The report by the UK Commons International Development Committee has warned that UK taxpayers are being mistreated by contractors who are only interested in making money.
Government officials have warned that ministers must do more to address the conduct of some international aid contractors, who are currently being used to deliver assistance to some of the world's poorest countries.
The report also said that there were "fundamental flaws" in the working practices of some organizations responsible for handling contracts worth millions of dollars of taxpayers' money.
Allegations have been made of "excessive profiteering" and "unethical conduct," and the committee also said that the Department for International Development (DFID) needed to take a "more robust approach" towards regulating the sector.
This latest news comes just a few weeks after the founders of Adam Smith International, one of the biggest UK aid contractors, stepped down as the UK government froze their contracts and questioned the company's integrity.
⚡️ “UK aid in 2016: From the End of Ebola to the Syria crisis response”https://t.co/yaNZhNOljE— DFID (@DFID_UK) April 5, 2017
Adam Smith International received at least US$300 million in taxpayers' money over the last five years, however the organization was called into question after a report by the International Development Committee raised concerns about their conduct. The committee also warned that Adam Smith International's case was not an "isolated" one.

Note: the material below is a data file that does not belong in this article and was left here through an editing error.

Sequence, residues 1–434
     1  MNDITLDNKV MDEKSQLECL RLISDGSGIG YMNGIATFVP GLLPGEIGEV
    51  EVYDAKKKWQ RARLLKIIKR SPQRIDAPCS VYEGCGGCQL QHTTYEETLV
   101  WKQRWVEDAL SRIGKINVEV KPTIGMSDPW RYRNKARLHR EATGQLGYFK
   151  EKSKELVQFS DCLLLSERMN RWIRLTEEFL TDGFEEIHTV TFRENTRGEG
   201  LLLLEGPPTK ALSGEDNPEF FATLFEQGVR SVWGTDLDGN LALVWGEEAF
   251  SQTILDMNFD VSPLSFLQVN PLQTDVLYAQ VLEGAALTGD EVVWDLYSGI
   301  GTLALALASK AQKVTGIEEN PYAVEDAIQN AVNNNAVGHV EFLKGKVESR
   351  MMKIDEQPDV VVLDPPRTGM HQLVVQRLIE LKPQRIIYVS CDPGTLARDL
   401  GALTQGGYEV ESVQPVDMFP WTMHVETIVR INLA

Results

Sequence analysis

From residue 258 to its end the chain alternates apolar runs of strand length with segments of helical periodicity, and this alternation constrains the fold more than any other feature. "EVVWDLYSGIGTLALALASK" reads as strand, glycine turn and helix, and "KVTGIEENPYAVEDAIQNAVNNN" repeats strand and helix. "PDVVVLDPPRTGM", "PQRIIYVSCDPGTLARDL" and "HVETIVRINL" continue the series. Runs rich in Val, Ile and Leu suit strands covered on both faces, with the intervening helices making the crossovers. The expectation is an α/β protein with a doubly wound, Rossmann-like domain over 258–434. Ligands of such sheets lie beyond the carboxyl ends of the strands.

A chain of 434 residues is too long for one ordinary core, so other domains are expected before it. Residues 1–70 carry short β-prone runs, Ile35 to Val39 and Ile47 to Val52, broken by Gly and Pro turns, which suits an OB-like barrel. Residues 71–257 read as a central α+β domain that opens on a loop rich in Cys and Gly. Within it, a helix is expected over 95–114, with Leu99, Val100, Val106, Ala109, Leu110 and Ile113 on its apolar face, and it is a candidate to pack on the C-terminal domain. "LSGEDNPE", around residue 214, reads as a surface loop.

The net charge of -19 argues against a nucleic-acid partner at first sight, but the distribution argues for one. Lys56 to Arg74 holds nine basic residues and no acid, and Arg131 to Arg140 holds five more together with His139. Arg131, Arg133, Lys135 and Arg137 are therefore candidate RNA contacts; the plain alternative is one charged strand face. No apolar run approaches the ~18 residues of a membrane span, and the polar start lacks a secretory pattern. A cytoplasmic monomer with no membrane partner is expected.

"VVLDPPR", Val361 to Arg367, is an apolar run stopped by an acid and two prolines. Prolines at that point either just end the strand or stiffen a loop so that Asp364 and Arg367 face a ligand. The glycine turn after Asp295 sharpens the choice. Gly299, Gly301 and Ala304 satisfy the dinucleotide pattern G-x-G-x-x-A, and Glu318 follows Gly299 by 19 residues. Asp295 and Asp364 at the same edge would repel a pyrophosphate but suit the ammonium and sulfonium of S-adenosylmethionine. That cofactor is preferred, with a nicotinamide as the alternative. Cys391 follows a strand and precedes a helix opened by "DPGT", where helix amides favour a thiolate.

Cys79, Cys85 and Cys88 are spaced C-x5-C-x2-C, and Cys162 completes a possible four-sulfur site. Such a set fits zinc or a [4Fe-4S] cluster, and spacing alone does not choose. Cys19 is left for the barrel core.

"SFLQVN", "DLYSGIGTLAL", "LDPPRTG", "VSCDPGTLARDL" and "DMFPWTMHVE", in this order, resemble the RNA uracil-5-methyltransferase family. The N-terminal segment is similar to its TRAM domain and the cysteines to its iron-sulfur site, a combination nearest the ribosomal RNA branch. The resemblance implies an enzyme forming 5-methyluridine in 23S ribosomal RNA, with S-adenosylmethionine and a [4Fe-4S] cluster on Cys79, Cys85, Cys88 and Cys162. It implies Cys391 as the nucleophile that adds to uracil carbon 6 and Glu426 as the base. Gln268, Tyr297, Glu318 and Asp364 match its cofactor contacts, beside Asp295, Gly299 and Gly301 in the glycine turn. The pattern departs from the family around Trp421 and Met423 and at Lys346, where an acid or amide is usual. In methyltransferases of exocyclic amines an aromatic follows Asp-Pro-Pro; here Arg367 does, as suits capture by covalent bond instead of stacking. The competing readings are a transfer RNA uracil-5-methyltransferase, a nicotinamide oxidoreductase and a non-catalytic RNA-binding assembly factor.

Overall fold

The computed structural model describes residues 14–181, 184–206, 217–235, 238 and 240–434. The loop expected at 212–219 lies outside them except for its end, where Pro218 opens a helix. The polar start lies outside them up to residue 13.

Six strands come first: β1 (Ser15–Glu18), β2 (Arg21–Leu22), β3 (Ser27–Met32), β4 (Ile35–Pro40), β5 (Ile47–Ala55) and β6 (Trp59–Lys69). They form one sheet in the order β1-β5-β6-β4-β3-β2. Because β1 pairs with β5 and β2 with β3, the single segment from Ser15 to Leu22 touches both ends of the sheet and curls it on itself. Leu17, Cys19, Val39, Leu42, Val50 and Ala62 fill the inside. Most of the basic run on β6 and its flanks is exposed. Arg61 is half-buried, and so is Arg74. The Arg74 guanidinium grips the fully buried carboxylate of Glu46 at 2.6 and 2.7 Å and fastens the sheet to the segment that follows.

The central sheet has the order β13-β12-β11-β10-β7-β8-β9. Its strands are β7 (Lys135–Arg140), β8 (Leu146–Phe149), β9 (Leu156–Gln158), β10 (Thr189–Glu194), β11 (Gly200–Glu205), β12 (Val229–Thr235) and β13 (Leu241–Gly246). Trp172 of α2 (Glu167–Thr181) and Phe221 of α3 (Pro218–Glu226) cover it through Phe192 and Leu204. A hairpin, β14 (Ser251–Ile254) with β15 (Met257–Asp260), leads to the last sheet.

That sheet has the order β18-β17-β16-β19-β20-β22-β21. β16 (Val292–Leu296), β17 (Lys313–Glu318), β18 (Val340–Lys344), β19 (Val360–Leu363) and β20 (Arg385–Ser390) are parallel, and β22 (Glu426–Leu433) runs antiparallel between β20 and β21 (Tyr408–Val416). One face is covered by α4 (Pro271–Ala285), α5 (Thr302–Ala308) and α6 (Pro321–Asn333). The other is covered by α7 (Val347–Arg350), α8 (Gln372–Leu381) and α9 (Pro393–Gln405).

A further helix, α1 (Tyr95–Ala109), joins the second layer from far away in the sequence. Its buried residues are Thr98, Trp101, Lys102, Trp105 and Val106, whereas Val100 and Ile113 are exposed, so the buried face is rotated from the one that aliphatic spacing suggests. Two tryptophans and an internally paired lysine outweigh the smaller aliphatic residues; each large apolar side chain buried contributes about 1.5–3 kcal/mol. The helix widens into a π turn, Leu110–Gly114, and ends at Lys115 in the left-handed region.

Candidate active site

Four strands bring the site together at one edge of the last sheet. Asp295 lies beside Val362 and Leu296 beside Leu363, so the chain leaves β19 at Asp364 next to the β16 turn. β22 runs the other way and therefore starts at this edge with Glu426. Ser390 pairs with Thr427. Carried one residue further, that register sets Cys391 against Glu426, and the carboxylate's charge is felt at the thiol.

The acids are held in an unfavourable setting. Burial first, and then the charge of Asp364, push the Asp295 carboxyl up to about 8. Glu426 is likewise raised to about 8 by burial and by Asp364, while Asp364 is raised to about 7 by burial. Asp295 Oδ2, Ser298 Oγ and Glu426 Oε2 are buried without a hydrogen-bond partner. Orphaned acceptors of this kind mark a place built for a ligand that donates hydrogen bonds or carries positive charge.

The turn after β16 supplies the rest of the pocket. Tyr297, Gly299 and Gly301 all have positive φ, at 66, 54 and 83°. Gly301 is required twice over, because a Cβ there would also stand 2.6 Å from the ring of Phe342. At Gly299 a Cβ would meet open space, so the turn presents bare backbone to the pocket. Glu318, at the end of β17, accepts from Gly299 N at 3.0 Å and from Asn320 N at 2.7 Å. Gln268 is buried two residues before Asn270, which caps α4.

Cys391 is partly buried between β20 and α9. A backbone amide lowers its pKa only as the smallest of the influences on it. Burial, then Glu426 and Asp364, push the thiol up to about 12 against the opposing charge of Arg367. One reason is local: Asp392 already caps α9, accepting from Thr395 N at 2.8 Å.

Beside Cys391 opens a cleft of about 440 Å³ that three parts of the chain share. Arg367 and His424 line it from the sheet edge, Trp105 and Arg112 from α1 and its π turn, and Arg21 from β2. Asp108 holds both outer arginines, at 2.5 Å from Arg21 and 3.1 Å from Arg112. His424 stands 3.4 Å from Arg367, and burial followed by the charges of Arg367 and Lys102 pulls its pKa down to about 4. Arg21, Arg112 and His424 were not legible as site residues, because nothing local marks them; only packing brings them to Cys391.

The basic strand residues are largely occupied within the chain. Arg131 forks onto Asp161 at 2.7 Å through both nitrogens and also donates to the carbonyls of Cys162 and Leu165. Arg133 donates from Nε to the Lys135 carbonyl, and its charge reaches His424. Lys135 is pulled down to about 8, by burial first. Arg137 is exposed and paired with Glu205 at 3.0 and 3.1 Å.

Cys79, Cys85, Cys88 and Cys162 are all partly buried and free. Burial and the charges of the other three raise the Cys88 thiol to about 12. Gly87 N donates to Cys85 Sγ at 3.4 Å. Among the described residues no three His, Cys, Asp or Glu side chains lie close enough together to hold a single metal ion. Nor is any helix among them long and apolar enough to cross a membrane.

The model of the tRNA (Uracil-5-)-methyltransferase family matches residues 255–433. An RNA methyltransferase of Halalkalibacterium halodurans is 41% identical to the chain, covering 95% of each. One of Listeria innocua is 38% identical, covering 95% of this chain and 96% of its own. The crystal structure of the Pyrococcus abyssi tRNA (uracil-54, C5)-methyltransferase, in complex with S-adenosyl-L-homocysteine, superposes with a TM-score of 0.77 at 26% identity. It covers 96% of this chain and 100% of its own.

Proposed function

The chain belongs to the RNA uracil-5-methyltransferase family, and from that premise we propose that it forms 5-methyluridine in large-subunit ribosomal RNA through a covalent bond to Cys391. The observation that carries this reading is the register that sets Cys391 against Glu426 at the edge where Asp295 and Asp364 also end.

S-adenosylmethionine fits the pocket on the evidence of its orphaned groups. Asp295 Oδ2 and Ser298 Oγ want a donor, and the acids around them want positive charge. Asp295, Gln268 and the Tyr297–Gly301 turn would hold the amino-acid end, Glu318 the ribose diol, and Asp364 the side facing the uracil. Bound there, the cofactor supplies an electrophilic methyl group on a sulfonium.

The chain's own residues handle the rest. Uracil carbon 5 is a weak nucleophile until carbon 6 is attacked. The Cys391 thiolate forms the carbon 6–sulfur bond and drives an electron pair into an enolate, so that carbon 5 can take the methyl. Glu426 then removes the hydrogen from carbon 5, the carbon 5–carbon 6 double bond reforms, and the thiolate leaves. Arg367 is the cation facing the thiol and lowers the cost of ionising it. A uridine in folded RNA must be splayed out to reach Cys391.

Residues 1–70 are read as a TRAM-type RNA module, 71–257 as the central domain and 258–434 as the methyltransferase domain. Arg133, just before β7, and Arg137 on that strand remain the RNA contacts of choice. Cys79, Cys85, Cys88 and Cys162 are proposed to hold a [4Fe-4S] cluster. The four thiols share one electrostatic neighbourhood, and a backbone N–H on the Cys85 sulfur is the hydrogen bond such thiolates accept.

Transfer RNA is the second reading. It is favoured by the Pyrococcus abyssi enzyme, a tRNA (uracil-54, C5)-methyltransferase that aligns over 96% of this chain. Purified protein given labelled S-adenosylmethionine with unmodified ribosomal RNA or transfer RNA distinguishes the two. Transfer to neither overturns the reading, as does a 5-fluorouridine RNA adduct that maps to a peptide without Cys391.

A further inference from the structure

"We are also greatly concerned about the appalling conduct of some contractors who have behaved in a way that is entirely misaligned with the department's purpose," the committee said.
"We have heard that there are fundamental flaws in the working practices of some organizations. The allegations made of ASI should not be approached as an isolated incident by DFID, but evidence that there is something inherently wrong with the culture in certain organizations," the committee added.
The committee have said that the DFID needs to take a more robust approach in creating regulations and incentives that shape the sector so that it operates to the highest ethical standards.
This is not the first time the actions of the DFID have been called into question however. In April 2016, it was reported that millions of UK taxpayers' money had been set aside to help rewrite laws and privatize the energy sector in developing countries.